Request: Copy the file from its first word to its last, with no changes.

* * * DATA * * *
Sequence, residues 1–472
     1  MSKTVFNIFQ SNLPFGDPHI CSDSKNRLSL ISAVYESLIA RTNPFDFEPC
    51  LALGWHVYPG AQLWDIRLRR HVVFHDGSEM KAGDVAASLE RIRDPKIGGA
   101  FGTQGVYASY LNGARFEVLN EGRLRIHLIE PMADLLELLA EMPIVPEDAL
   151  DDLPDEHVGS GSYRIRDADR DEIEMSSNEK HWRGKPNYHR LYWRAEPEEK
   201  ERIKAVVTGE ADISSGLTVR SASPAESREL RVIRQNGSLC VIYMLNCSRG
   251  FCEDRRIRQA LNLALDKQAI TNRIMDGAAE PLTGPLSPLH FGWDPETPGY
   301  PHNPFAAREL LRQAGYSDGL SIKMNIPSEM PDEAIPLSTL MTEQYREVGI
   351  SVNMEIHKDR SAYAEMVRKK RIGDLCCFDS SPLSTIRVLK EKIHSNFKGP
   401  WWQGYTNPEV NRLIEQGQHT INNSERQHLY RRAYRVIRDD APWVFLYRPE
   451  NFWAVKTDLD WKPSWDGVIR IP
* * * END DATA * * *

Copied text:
Sequence, residues 1–472
     1  MSKTVFNIFQ SNLPFGDPHI CSDSKNRLSL ISAVYESLIA RTNPFDFEPC
    51  LALGWHVYPG AQLWDIRLRR HVVFHDGSEM KAGDVAASLE RIRDPKIGGA
   101  FGTQGVYASY LNGARFEVLN EGRLRIHLIE PMADLLELLA EMPIVPEDAL
   151  DDLPDEHVGS GSYRIRDADR DEIEMSSNEK HWRGKPNYHR LYWRAEPEEK
   201  ERIKAVVTGE ADISSGLTVR SASPAESREL RVIRQNGSLC VIYMLNCSRG
   251  FCEDRRIRQA LNLALDKQAI TNRIMDGAAE PLTGPLSPLH FGWDPETPGY
   301  PHNPFAAREL LRQAGYSDGL SIKMNIPSEM PDEAIPLSTL MTEQYREVGI
   351  SVNMEIHKDR SAYAEMVRKK RIGDLCCFDS SPLSTIRVLK EKIHSNFKGP
   401  WWQGYTNPEV NRLIEQGQHT INNSERQHLY RRAYRVIRDD APWVFLYRPE
   451  NFWAVKTDLD WKPSWDGVIR IP